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two preparators center the artwork on a podium with guidance of Christina Clarke
Chief preparator Nikolas Asikis and preparator Matthew Cummings install the veranda post with input from Christa Clarke.

Installing the Arts of Africa

Guest blogger Kelly Holbert is Exhibition Manager at the Smith College Museum of Art

Early in 2021, while the museum was closed to the public, there was a lot of activity taking place behind closed doors. One of the projects was a major change to the third floor galleries. For the first time at SCMA the arts of Africa were integrated into the installation of American and European art. New themes and groupings were conceived by guest curator Dr. Christa Clarke, working with curator of painting and sculpture Danielle Carrabino and associate educator Taiga Ermansons.

Once the object list was finalized, practical “nuts and bolts” questions were raised, such as will all of the works fit in the chosen section of the gallery, and will we need to make new cases and mounts. We used planning tools that included a model of the gallery, Powerpoints of groupings, and a table full of print-outs and notes.

Works assembled in storage to be assessed for mounts and supports.
Pictures of art from the show lying on a table
Planning table for the cases and groupings, based on the curator’s requests.















An additional task involved assessing the condition of the objects, especially important for works that had never been on view. Once they were assembled in art storage, collections manager/registrar Deborah Diemente, chief preparator Nikolas Asikis and preparator Matthew Cummings could also consider the best ways to support and display the works in the gallery.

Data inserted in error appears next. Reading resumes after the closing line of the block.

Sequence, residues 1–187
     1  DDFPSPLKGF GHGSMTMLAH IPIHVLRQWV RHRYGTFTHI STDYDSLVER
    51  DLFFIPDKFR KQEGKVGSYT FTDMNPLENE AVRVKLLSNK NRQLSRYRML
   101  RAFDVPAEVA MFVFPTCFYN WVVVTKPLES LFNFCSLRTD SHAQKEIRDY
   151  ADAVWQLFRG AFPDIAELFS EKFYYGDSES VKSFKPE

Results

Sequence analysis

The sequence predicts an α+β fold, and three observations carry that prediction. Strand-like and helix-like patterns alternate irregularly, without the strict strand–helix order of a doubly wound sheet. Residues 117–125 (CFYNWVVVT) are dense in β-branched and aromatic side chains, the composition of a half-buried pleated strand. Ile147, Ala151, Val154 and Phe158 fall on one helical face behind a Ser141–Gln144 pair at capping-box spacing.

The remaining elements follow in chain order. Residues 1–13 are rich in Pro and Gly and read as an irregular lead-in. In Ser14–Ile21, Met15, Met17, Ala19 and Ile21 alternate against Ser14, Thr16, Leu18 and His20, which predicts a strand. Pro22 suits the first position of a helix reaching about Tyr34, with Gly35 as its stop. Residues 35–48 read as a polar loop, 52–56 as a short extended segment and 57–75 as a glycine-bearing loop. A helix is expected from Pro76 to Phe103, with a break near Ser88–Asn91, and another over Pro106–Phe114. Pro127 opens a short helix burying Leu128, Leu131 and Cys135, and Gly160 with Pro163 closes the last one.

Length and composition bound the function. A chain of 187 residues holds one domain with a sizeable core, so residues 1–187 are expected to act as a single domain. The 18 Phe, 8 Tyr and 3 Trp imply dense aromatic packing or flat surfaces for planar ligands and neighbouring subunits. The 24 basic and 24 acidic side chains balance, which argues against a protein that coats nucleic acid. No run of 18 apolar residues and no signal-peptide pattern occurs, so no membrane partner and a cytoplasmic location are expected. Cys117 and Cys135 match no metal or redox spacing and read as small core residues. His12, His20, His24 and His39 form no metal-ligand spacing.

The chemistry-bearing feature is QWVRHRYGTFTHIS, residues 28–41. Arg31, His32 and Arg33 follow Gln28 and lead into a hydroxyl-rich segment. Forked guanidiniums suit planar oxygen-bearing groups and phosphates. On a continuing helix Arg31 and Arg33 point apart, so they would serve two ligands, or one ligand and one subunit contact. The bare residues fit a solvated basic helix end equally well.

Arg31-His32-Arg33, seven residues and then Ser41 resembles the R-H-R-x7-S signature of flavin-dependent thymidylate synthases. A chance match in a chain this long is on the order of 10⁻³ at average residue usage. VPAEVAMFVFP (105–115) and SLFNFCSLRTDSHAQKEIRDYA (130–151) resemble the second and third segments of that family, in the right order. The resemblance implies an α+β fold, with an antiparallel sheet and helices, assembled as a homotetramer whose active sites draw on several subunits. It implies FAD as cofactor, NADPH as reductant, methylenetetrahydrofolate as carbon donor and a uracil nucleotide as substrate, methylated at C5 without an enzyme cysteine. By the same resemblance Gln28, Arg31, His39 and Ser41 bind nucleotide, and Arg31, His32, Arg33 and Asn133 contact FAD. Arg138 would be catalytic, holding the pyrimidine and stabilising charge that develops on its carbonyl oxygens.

Masked woman talking to another woman on zoom about the installation
Guest curator Dr. Christa Clarke discusses an arrangement via Zoom with Kymberly Newberry, doctoral candidate in the The W.E.B. Du Bois Department of Afro-American Studies at UMass, Amherst.
Matt and Nik hold up the royal beaded crowns so that Christa can determine the ideal heights.
















Finally, the time came when walls and pedestals were painted, mounts were made, and wall texts and labels were edited and ready for production. Christa Clarke supervised the installation in person with additional input from doctoral candidate Kymberly Newberry, who was “Zooming in” from UMass, Amherst.

While the many aspects of planning an installation or exhibition are too numerous to mention, I hope this small peek into how a gallery is installed will inspire people to consider the different roles, and range of career choices, that can be found in a museum!

Finished gallery wall, with view of royal beaded crowns and a carved totem
One of the finished walls in the gallery (photograph by Stephen Petegorsky)

Learn more about the Arts of Africa, c. 1825–1960 installation.


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